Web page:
According to the ADEME (Agency for Environment & Energy Management), the annual deposition of timber wastes is of the order of 6.2 million tonnes. Timber wastes have a recycling factor of 79% – 57% for material recycling and 22% for the recovery of energy (source: Evaluation of timber waste deposition and its position in the timber/timber fuel industry – April 2015)
TYPE A TIMBER.
The Pena Group collects and sorts the following:
- Various untreated and uncrushed timbers. In general, these include the following products : – Forest timbers (forest residues and mulch, felled trees, trunks, timber ridges) – Sawmill by-products: bark and clean chips, cutting wastes, untreated framing wastes) – Industrial timbers (pallets, crates, beams, framework structures) – Solid timber elements, untreated and with metal fittings removed
TYPE B TIMBER
The Pena Group collects and sorts the following :
- Various uncrushed timbers. In general, these include the following products : – Packaging (cable drums with metal fittings removed, crates, pallets, boxes) – Joinery and furnishings of solid timber construction (doors, windows with glazing removed, shutters with metal fittings removed, tables) – Untreated framings, V-girders, beams – Plywood and particle boards (not exceeding 30% of a consignment) – Various joinery wastes – Various timbers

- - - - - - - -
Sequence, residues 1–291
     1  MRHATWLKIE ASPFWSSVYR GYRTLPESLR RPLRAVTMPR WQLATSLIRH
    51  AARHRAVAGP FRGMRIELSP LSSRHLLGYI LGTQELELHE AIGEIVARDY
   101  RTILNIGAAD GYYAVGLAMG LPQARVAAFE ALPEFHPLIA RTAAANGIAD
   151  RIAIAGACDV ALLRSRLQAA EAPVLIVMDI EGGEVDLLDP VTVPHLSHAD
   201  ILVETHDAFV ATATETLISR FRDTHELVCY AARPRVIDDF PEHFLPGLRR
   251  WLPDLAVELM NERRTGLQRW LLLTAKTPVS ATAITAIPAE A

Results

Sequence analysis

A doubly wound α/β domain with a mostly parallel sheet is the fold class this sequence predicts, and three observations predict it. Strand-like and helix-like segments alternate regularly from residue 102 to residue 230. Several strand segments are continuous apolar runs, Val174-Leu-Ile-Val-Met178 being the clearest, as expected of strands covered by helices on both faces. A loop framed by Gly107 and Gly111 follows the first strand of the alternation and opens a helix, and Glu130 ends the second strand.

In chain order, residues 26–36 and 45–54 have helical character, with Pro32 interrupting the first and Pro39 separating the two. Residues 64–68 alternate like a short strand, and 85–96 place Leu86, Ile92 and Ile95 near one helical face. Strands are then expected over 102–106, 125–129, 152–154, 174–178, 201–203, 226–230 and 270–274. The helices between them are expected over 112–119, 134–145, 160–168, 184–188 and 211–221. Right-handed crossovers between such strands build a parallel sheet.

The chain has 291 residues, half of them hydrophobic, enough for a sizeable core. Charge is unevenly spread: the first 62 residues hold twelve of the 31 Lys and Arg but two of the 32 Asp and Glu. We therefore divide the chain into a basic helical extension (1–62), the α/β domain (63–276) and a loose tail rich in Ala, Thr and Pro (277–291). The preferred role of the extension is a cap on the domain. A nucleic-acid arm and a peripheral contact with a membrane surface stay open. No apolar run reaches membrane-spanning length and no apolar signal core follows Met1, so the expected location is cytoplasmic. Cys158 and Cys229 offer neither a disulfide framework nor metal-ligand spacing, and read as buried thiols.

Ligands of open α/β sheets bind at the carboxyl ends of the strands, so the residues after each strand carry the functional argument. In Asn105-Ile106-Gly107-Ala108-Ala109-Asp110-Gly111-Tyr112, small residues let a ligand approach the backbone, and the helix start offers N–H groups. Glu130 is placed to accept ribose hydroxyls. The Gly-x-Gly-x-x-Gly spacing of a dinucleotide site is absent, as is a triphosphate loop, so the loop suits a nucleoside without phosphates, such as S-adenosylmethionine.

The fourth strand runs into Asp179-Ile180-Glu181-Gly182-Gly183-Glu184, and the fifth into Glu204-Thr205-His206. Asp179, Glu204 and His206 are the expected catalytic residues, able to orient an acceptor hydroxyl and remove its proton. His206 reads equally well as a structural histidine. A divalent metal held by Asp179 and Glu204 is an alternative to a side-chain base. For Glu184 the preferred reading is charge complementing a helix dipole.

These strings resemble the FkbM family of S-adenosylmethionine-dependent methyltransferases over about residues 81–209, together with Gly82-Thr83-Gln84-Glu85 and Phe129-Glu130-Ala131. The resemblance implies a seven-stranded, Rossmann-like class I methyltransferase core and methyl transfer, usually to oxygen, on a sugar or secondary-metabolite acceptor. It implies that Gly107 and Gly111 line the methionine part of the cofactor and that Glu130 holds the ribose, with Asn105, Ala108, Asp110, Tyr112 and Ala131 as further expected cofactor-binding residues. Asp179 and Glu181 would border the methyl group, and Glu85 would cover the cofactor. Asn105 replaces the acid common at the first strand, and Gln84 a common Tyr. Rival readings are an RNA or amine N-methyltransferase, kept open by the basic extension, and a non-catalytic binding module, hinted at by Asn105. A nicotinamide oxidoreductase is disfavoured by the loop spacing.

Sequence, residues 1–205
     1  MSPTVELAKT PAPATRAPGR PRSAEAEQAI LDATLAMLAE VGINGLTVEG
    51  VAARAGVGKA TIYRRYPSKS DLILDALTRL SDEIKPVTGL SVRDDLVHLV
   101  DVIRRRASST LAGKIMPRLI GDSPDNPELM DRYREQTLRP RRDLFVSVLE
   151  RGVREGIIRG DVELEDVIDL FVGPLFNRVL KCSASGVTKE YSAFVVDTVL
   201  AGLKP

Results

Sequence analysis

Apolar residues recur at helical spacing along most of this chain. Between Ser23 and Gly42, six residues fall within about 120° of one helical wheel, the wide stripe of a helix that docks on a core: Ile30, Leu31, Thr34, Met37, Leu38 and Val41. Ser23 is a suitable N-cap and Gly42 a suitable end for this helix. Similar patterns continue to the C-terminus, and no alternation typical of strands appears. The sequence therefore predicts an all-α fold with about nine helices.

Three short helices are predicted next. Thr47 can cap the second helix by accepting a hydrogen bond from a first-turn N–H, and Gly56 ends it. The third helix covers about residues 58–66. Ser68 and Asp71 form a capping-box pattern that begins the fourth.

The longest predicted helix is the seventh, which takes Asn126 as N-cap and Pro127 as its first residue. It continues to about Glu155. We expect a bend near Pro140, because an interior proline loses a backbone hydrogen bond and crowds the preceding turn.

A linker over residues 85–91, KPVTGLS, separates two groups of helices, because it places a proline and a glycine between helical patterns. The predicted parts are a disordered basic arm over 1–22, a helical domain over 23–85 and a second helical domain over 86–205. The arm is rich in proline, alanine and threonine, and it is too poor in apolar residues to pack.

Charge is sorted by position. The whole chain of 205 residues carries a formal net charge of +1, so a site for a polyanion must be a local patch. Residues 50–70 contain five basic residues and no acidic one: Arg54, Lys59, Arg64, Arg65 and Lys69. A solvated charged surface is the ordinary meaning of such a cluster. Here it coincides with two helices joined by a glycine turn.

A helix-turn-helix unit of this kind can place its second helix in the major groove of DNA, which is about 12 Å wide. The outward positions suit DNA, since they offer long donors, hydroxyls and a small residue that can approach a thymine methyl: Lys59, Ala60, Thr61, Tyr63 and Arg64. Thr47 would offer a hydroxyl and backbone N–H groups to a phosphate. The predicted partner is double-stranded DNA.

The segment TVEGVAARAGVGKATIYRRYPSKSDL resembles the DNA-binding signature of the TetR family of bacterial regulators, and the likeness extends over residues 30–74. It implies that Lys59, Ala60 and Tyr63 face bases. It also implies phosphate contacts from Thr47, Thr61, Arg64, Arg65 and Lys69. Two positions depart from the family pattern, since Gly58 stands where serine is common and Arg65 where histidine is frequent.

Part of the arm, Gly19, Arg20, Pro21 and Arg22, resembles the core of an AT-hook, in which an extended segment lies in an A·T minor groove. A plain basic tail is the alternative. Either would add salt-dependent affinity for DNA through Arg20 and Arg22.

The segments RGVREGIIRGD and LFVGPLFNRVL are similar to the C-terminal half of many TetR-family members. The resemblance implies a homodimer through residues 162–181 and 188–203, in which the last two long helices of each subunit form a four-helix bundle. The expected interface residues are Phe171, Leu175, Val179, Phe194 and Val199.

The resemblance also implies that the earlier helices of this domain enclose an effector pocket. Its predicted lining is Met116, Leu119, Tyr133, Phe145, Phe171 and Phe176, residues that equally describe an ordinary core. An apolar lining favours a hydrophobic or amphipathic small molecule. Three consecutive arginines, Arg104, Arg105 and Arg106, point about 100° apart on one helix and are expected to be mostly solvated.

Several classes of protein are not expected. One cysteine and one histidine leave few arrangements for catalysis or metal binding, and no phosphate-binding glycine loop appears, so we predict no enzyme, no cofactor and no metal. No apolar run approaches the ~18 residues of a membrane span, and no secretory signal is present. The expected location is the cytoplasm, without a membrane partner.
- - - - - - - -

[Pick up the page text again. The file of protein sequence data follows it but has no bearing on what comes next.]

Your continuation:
Timber recycling – a stronger commitment still required
Type B timber accounts for 85% of timber wastes collected, approximately 70% of which is sold by recycling operators to producers of chipboard for use in furniture or as construction materials. 50% is exported to Belgium, Italy and Spain. The remainder is used as fuel in biomass boilers. High-temperature furnaces can accept the most contaminated timbers.
Panelboard manufacturers can incorporate 70 – 90% of these wastes in the production of panels, or even up to 100%, as is the case in Italy. Unfortunately, there is a substantial disparity between different countries.
“Uncontaminated” timbers, including pallets which are not treated with chemical products, are recycled as wood fuel for conventional industrial boilers, district heating systems or hot houses.
Care must be taken with MDF – these timber particle boards pose a problem, as the timber is virtually reduced to the state of dust; no fibres remain, and recycling to produce a new panel is consequently not possible. There is no circular economy in place, and these materials can only be used as wood fuel.